02 November, 2012

Is it Hot in Here, Or...

After posting about the strange love affair between Waterstones and Amazon, I got thinking about my own unlikely crushes. No, not of the human variety (and my husband is not so very strange when you get to know him), but books.

There are a few books I thought I'd never like. There was a good reason for it: I'd tried them and it just wasn't happening for us. While some books swept me off my feet with the literary equivalent of roses and chocolate, these books had me faking food poisoning and leaving the restaurant by the back door. Two books that came in the latter category for me are 1984 by George Orwell, and Cold Comfort Farm by Stella Gibbons.

I tried to read 1984 when I was about 14 years-old and I found it too hard. I didn't understand what was going on in this dystopia. Who was Big Brother? Why was everybody agreeing with something that wasn't true? I got less than halfway through it before giving up. It was the same with Cold Comfort Farm. I was in my late teens this time and I didn't get it. It annoyed me when patronising people said things like, "You do know it's meant to be funny, right?", as if I might have thought that it was serious, rather than a pastiche. Yes, I knew it was meant to be funny. No, I didn't find it funny. No, I didn't finish it.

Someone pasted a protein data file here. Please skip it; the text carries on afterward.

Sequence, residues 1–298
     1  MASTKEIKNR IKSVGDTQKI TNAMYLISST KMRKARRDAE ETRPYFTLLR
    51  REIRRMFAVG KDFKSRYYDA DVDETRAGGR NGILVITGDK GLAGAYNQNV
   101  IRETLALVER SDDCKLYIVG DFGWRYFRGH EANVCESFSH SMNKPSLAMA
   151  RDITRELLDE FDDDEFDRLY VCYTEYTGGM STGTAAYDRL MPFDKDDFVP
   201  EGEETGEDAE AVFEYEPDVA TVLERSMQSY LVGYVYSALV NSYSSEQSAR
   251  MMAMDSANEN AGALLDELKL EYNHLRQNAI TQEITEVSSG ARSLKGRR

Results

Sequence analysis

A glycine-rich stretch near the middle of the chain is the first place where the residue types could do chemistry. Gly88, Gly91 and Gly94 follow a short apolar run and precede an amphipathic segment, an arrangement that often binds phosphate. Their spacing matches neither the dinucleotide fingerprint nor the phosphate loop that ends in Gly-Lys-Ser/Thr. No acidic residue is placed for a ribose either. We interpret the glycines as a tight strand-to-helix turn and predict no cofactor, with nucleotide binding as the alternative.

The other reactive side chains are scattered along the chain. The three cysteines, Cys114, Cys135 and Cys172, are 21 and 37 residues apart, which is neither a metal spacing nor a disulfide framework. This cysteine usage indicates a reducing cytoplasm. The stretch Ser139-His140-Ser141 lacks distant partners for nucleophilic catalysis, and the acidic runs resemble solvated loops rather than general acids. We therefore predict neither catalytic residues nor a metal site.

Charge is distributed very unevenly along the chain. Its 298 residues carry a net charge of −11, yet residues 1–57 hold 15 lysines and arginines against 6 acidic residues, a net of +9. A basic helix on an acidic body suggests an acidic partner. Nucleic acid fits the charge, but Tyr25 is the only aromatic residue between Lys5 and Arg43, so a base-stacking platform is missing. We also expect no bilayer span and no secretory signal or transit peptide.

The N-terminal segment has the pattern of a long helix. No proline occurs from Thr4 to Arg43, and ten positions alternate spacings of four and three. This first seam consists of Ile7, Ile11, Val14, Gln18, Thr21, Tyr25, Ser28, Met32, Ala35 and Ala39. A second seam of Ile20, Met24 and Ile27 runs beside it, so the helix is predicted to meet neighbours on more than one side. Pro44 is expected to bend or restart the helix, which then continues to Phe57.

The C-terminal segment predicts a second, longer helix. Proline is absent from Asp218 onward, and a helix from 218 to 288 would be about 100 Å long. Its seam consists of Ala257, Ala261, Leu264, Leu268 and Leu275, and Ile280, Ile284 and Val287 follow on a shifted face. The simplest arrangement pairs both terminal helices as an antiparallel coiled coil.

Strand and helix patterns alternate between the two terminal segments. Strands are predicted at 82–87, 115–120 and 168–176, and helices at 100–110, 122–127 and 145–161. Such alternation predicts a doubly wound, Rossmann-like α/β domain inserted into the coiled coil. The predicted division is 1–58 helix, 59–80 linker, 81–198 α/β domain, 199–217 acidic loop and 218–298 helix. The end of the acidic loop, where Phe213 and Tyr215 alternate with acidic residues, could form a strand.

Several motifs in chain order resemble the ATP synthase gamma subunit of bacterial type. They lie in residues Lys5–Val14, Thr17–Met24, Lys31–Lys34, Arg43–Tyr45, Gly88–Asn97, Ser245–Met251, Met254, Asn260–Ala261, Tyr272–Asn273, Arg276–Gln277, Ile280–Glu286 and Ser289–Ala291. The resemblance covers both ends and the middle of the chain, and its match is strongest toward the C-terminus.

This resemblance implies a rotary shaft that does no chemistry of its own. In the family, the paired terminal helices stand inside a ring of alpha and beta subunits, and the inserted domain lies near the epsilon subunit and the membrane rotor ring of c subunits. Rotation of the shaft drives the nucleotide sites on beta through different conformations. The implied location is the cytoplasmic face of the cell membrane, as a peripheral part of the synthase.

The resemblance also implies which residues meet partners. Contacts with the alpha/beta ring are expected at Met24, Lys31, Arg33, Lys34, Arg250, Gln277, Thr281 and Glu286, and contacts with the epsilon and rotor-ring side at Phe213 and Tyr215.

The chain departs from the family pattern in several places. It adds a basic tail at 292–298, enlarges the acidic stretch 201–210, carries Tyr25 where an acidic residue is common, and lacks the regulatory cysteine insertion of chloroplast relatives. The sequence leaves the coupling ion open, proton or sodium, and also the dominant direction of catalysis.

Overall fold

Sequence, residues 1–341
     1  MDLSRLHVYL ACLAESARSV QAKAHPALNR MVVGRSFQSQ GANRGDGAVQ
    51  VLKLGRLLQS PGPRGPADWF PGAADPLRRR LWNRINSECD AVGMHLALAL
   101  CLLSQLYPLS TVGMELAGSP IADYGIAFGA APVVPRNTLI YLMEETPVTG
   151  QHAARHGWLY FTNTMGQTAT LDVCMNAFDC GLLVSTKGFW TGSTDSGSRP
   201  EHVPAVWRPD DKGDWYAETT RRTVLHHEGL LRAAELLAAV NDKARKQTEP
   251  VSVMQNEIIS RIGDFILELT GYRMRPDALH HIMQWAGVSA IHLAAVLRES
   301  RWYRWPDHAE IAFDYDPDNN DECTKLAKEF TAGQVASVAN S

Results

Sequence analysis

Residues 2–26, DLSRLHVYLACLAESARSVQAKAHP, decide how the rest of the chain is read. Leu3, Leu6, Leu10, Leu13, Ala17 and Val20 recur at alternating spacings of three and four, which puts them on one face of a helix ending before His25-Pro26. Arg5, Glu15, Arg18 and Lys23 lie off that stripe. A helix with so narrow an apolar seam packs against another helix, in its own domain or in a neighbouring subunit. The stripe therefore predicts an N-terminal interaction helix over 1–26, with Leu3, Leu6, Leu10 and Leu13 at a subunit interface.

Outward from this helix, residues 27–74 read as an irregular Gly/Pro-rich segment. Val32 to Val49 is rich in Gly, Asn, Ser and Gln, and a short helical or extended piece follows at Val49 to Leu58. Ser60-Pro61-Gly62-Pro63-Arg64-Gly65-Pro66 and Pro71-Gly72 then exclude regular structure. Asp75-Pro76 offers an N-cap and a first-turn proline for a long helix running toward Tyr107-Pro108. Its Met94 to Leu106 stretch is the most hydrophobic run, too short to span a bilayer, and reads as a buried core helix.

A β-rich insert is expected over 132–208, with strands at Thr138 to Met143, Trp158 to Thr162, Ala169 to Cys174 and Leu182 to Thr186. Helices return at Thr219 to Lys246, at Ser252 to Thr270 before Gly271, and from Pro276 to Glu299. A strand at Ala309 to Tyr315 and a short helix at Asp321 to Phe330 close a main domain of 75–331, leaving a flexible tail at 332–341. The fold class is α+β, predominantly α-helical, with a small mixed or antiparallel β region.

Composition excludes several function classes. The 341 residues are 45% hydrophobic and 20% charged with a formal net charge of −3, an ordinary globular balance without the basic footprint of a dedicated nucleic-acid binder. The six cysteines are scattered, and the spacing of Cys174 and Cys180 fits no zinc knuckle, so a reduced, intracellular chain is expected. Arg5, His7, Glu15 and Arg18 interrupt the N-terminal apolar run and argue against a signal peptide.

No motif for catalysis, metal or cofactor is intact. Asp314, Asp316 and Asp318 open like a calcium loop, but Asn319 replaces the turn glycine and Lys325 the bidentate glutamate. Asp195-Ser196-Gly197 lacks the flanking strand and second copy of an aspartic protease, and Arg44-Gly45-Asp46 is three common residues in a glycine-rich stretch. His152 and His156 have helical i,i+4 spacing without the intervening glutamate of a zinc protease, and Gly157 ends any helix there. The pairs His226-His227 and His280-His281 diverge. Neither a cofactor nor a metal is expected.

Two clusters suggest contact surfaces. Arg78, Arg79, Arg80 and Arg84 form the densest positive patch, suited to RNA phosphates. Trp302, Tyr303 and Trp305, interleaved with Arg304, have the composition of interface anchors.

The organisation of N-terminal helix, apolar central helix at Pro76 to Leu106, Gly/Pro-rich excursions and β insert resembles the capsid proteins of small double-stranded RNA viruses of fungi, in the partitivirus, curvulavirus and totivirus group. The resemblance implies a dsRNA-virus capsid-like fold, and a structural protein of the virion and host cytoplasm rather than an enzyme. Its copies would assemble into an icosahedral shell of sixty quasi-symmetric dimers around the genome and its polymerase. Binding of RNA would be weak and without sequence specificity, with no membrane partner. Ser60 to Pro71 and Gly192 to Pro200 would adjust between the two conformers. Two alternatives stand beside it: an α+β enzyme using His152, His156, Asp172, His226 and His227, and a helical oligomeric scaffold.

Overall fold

But unlike a date who spends the first half hour of dinner talking about himself and trying to squeeze your knee under the tablecloth, I gave these books a second-chance. I tried 1984 again only about a year after abandoning it (and, appropriately enough for this post, because a boy that I had a bit of a crush on said it was his favourite book) and this time I loved it. It remained one of my very favourite novels long after the boy had lost his charm for me.

Cold Comfort Farm I only tried again earlier this year. I was sure I'd hate it, but as it's on the BBC Top 100 list - which I'm trying to read all of - I had to give it another go. Again, it's now one of my favourite books. I found it very funny this time, and couldn't put it down. So it just goes to show, sometimes giving a book a second chance is a good idea.